From the day he started Secondary 1 in 2012, Poh Jia Qi has received help to pay for things such as school fees, textbooks and school meals.
The Teck Whye Secondary School student, who has been on the Ministry of Education's (MOE) Financial Assistance Scheme, also gets help from the Opportunity Fund. This is one other source for schools to tap to provide further assistance to needy students by subsidising school-based enrichment programmes.
"I am fortunate to be able to receive similar opportunities as my peers," said Jia Qi, 16, who lives in a four-room Housing Board flat in Teck Whye with his parents and two school-going brothers, aged 19 and 14.
"I don't have to worry about my financial situation and can focus on my studies," he added.
His father works as a cleaning supervisor while his mother is a coffee shop assistant. They take home a total income of $2,500 monthly.
Both parents welcomed the enhancements in subsidies to needy students. Jia Qi's mother, Madam Wong Meow Foon, 48, said: "Children should not be denied an education just because they cannot afford it.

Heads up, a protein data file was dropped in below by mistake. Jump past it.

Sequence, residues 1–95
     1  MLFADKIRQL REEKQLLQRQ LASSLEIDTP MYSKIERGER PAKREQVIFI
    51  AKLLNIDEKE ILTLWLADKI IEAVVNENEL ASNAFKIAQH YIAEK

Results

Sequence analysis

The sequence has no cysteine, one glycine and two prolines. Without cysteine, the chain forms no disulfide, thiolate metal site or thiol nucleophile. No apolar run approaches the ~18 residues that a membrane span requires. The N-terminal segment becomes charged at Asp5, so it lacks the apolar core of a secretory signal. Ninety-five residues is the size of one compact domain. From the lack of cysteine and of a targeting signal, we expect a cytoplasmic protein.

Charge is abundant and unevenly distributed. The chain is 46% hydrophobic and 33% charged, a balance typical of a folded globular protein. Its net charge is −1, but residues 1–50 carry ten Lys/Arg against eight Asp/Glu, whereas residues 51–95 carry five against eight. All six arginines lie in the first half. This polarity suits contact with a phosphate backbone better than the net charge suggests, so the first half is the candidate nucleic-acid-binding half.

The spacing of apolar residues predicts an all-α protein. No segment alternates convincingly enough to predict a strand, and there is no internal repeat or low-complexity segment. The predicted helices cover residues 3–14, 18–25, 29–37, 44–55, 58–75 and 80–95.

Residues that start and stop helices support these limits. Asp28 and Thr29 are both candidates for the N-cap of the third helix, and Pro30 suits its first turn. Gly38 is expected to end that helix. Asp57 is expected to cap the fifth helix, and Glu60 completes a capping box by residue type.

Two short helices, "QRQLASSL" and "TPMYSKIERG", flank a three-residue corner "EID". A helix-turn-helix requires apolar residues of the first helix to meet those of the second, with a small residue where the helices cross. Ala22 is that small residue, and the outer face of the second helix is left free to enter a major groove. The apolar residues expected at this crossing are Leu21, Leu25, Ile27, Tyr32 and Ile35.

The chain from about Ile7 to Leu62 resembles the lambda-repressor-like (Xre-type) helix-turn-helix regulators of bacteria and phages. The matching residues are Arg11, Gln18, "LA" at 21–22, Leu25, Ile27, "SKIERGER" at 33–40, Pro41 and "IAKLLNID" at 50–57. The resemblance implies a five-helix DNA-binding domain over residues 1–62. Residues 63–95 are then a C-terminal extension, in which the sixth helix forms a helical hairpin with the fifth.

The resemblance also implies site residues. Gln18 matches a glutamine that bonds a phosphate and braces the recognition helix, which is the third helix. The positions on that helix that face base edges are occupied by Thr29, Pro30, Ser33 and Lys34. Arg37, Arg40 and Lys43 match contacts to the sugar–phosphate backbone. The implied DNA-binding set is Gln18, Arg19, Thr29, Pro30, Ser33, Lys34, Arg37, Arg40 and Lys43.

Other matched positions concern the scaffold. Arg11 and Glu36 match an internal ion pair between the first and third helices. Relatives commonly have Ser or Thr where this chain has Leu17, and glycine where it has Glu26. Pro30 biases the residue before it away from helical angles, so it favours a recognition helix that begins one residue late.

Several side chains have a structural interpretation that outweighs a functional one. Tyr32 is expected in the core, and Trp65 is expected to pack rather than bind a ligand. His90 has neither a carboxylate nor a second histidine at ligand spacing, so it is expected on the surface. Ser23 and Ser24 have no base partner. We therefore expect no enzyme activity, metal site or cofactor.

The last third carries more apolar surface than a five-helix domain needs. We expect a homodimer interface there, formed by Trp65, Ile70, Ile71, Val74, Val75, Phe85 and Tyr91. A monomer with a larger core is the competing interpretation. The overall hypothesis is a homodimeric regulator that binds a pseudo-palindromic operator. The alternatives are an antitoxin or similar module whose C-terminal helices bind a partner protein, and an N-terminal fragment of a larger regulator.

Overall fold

"I am thankful that my children are able to receive more help. But they must work hard and make full use of the opportunities given to them."
Last year, Jia Qi began coaching his friends in mathematics through the school's peer tutoring programme.
He was one of the students praised by Education Minister Heng Swee Keat for paying it forward at a young age.
Said Jia Qi: "I like helping my classmates, especially with maths problems that they have trouble with. I would like to give back as much as I can."
This article was first published on Mar 7, 2015.
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